PI: Michael Shanks
Designers rely on developing empathy with stakeholders and collaborators, however, shifts in technology, and more recently, social distancing, have restricted these efforts to virtual contexts such as video-conferencing. This move from in-person to distance communication presents challenges for needﬁnding and design efforts, which rely heavily on observing and interpreting subtle non-verbal cues, and on building trust and rapport with the people they interview and learn from. For example, loss of contextual cues and lack of awareness of how one’s actions may be received by others increases ambiguity in the interactions between people, and leads to misinterpretation of non-verbal actions (such as interpreting turning off one’s camera as anti-social). Our existing HPDTRP project found that when people don’t know the motivation for another person’s action online, they often become concerned and confused by it, which can strain working relationships. While these are not new challenges, the widespread increase in distance working has ampliﬁed their prevalence and heightened our awareness of them.We propose to study the impact of implicit non-verbal signals, arising from the manipulation of video in virtual design meetings. We aim to characterize perceptions around such non-verbal actions, as well as the efﬁcacy of providing rationale for actions, in video-conferencing in order to better support designers in their design processes through interactive systems.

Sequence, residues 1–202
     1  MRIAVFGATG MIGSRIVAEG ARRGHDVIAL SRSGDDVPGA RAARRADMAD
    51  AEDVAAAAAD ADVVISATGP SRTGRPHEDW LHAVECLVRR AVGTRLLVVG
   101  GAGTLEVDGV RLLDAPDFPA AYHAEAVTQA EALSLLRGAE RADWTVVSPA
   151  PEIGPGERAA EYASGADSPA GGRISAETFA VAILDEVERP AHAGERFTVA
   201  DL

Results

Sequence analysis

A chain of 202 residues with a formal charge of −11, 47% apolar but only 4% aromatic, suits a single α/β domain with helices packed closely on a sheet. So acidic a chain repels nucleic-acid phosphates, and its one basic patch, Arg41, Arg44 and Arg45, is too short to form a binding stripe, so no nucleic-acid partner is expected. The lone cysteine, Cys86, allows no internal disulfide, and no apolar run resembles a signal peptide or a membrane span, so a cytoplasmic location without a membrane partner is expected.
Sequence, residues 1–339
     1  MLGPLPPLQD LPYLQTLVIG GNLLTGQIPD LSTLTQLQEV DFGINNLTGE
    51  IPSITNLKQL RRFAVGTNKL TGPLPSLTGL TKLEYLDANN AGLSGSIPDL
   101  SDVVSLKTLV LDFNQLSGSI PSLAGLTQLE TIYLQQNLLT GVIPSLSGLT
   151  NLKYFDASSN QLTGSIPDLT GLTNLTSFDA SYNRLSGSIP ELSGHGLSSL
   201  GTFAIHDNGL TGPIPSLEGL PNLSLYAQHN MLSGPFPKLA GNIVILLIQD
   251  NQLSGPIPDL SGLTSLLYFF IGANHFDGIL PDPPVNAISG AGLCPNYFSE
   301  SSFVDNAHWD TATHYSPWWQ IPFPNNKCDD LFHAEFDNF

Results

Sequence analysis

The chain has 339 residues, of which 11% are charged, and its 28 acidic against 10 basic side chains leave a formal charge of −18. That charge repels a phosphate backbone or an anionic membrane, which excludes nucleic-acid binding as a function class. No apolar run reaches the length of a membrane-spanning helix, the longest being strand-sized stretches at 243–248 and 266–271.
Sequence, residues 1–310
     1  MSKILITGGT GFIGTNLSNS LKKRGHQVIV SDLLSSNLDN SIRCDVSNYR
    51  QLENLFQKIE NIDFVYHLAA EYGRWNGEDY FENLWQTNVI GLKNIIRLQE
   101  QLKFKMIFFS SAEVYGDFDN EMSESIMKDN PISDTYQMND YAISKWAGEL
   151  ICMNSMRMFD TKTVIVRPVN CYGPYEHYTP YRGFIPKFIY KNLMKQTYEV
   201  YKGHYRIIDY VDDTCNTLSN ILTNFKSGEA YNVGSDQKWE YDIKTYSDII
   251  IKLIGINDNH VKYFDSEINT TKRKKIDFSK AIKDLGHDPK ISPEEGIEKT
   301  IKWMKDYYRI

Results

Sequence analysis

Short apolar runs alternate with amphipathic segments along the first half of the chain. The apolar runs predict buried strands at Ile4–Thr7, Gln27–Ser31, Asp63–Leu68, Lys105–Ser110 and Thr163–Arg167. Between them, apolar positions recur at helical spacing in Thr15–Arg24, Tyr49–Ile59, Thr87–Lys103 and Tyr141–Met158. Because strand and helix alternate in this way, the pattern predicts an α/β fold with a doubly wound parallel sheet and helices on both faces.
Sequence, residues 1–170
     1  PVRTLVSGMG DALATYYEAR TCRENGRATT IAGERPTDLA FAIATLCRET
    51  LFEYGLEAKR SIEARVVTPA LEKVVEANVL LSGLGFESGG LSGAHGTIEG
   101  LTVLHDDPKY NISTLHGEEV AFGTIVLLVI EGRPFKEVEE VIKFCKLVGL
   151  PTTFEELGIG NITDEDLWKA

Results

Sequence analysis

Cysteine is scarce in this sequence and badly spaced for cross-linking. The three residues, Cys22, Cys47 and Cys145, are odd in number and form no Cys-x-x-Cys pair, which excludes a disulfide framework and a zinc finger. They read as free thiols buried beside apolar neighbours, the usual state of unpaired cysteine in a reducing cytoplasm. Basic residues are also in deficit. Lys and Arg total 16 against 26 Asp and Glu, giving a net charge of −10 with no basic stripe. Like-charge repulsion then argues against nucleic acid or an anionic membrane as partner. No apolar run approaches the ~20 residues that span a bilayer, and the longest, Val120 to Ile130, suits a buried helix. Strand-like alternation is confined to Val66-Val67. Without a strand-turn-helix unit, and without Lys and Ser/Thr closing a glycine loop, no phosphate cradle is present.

So Yeon Park, Mark Whiting